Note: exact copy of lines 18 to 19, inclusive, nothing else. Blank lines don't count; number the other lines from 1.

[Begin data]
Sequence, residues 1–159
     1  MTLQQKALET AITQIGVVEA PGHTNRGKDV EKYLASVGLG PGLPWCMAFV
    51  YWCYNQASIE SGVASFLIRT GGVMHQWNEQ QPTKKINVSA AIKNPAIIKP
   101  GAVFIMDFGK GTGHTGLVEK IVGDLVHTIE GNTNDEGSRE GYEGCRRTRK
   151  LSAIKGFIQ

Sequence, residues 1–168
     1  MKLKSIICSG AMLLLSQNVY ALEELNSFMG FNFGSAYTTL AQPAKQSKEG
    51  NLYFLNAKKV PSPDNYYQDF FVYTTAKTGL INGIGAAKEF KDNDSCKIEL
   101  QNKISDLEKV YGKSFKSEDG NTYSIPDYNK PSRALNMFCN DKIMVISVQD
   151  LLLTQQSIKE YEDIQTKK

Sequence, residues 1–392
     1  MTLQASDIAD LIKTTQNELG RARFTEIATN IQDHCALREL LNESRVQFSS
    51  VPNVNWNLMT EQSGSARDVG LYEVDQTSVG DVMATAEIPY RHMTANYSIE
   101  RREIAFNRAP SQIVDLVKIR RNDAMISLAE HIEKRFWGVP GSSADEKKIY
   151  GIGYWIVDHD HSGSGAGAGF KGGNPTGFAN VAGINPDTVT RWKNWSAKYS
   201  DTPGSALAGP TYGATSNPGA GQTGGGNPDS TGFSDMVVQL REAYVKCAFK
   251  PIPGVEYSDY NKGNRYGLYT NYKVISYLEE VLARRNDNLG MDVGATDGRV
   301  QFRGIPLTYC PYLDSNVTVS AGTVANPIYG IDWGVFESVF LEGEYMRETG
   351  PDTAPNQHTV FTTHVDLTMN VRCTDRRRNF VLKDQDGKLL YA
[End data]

   301  QFRGIPLTYC PYLDSNVTVS AGTVANPIYG IDWGVFESVF LEGEYMRETG
   351  PDTAPNQHTV FTTHVDLTMN VRCTDRRRNF VLKDQDGKLL YA